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Sources of Potential Groundwater Contamination

In comparison with rivers or streams, ground water tends to move very slowly and with very little turbulence. Therefore, once a contaminant reaches the ground water, little dilution or dispersion normally occurs. Instead, the contaminant forms a concentrated plume that can flow along the same path as the ground water. Among the factors that determine the size, form, and rate of movement of the contaminant plume are the amount and type of contaminant and the speed of ground-water movement. Because ground water is hidden from view, contamination can go undetected for years until it is detected in a water supply well. The table below list examples of sources of potential ground-water contamination.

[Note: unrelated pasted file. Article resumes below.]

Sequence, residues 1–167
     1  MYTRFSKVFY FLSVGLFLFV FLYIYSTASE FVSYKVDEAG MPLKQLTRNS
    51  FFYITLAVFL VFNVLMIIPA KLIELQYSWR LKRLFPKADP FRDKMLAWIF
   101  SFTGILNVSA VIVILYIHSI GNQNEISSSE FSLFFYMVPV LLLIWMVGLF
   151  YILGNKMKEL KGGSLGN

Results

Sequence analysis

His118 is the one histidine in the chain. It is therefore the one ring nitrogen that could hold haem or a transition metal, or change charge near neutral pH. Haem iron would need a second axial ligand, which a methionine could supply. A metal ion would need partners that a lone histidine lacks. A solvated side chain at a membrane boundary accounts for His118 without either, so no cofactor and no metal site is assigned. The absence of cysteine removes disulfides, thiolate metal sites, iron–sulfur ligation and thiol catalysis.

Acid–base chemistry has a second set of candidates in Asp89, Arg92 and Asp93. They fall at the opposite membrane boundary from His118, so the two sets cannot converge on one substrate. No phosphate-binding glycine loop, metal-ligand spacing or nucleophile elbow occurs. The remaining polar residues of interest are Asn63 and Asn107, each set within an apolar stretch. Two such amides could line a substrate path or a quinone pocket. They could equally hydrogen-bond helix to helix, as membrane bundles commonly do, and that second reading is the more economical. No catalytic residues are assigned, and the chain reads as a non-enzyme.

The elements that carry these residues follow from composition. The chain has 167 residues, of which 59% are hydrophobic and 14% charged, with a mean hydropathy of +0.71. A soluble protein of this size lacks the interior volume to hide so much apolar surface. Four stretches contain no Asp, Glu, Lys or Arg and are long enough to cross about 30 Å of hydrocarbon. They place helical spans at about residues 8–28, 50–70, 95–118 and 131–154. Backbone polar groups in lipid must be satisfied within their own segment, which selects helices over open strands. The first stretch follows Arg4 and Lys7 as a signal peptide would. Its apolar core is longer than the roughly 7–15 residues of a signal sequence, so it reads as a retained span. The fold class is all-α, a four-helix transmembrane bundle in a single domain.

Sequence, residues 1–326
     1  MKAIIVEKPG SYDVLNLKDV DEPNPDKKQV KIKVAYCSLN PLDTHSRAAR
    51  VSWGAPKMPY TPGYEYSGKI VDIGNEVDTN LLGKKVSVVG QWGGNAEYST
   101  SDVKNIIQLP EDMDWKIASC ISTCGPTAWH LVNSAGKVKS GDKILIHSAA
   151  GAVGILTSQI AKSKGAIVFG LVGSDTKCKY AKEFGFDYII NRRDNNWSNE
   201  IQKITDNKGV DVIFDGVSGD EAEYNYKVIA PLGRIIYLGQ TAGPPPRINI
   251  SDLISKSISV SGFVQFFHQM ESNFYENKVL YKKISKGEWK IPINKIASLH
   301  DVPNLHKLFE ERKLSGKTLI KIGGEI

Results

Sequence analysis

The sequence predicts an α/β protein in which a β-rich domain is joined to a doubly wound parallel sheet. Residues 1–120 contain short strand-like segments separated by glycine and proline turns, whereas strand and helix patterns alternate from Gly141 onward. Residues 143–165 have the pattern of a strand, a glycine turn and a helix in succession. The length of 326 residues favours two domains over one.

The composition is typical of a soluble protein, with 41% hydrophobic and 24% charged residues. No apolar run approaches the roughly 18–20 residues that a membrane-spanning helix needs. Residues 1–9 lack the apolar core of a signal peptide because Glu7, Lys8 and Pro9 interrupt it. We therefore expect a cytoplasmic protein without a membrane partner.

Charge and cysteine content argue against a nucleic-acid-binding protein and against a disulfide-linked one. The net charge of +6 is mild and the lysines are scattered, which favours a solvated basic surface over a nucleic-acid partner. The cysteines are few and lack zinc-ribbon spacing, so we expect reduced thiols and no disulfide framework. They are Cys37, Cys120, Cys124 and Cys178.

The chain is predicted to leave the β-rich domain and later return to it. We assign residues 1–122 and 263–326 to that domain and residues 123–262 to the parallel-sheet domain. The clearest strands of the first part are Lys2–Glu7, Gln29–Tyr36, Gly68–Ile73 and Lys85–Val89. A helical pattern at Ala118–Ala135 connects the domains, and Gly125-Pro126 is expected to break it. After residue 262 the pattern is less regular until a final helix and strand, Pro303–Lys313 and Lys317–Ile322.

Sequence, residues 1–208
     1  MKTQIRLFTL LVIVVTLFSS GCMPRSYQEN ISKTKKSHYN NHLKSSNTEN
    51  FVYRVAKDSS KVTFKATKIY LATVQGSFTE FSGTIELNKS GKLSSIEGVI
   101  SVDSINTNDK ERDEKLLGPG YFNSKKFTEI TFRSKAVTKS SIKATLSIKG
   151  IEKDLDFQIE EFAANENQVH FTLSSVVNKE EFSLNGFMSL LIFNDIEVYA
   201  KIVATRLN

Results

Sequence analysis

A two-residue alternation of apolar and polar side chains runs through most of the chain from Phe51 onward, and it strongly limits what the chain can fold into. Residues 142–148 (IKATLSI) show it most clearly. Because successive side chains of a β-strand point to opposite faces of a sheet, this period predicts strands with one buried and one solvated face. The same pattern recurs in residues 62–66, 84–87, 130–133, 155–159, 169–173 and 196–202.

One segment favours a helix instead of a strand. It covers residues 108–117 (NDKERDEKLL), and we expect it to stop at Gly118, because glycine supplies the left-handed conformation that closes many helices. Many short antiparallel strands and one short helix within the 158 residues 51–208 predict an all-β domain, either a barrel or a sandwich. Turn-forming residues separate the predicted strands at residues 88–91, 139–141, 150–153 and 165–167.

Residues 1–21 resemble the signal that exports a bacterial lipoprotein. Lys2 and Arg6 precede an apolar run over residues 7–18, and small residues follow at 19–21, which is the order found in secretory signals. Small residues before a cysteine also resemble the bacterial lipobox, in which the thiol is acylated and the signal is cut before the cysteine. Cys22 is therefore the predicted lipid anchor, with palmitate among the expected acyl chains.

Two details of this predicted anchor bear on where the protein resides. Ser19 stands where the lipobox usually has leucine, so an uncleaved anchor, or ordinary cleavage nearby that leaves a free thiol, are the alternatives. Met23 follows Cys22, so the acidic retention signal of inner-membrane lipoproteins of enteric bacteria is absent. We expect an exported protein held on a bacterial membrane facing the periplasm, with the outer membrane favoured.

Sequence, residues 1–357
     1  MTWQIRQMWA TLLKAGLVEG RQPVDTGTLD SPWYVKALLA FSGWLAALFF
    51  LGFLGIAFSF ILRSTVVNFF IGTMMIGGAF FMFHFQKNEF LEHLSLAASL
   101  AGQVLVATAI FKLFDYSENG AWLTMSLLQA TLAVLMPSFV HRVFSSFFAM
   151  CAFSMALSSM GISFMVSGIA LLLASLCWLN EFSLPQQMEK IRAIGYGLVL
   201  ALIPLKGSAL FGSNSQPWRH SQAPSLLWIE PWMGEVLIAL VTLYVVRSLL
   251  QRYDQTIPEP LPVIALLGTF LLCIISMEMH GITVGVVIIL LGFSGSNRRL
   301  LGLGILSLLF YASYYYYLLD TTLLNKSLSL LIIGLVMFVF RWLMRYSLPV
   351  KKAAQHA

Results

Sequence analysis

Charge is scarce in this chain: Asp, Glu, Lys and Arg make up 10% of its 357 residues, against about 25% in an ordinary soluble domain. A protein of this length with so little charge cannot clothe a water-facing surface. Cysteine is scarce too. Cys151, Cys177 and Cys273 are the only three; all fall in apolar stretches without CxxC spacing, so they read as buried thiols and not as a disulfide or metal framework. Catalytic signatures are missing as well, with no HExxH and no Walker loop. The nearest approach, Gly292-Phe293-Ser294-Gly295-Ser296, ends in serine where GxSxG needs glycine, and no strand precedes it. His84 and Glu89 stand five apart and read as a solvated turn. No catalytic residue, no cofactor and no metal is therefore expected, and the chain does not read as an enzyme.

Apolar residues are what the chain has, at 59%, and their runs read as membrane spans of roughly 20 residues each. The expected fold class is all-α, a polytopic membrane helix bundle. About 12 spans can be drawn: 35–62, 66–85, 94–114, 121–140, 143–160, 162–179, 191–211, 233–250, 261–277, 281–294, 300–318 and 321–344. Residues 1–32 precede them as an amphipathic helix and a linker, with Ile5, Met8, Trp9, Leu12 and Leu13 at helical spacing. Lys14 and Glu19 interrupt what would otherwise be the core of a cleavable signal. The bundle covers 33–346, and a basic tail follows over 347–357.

Ground Surface

  • Infiltration of polluted surface water
  • Land disposal of wastes
  • Stockpiles
  • Dumps
  • Sewage sludge disposal
  • Animal feedlots
  • Fertilizers & pesticides
  • Accidental spills
  • Waste water discharges
  • Chemical storage areas
  • Above ground storage tanks

Above Water Table

  • Septic tanks, cesspools & privies
  • Holding ponds & lagoons
  • Sanitary landfills
  • Land Application of Wastes
  • Underground storage tank leaks
  • Underground pipeline leaks
  • Artificial recharge
  • Sumps and dry wells
  • Graveyards

Below Water Table

  • Underground storage tank leaks
  • Improperly abandoned wells
  • Improperly constructed wells